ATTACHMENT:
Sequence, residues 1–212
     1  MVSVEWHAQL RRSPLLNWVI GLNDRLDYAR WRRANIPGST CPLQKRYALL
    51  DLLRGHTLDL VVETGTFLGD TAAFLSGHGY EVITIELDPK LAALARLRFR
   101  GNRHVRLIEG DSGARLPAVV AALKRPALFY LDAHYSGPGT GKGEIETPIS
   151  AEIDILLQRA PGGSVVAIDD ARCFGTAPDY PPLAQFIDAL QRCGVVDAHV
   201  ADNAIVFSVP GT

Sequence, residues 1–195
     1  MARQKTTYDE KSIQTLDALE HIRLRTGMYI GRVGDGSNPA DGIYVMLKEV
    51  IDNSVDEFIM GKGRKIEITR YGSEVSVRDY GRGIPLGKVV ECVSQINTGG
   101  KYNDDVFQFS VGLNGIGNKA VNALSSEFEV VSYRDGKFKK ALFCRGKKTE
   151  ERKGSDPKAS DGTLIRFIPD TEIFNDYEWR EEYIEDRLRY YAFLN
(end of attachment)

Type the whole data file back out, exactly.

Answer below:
Sequence, residues 1–212
     1  MVSVEWHAQL RRSPLLNWVI GLNDRLDYAR WRRANIPGST CPLQKRYALL
    51  DLLRGHTLDL VVETGTFLGD TAAFLSGHGY EVITIELDPK LAALARLRFR
   101  GNRHVRLIEG DSGARLPAVV AALKRPALFY LDAHYSGPGT GKGEIETPIS
   151  AEIDILLQRA PGGSVVAIDD ARCFGTAPDY PPLAQFIDAL QRCGVVDAHV
   201  ADNAIVFSVP GT

Sequence, residues 1–195
     1  MARQKTTYDE KSIQTLDALE HIRLRTGMYI GRVGDGSNPA DGIYVMLKEV
    51  IDNSVDEFIM GKGRKIEITR YGSEVSVRDY GRGIPLGKVV ECVSQINTGG
   101  KYNDDVFQFS VGLNGIGNKA VNALSSEFEV VSYRDGKFKK ALFCRGKKTE
   151  ERKGSDPKAS DGTLIRFIPD TEIFNDYEWR EEYIEDRLRY YAFLN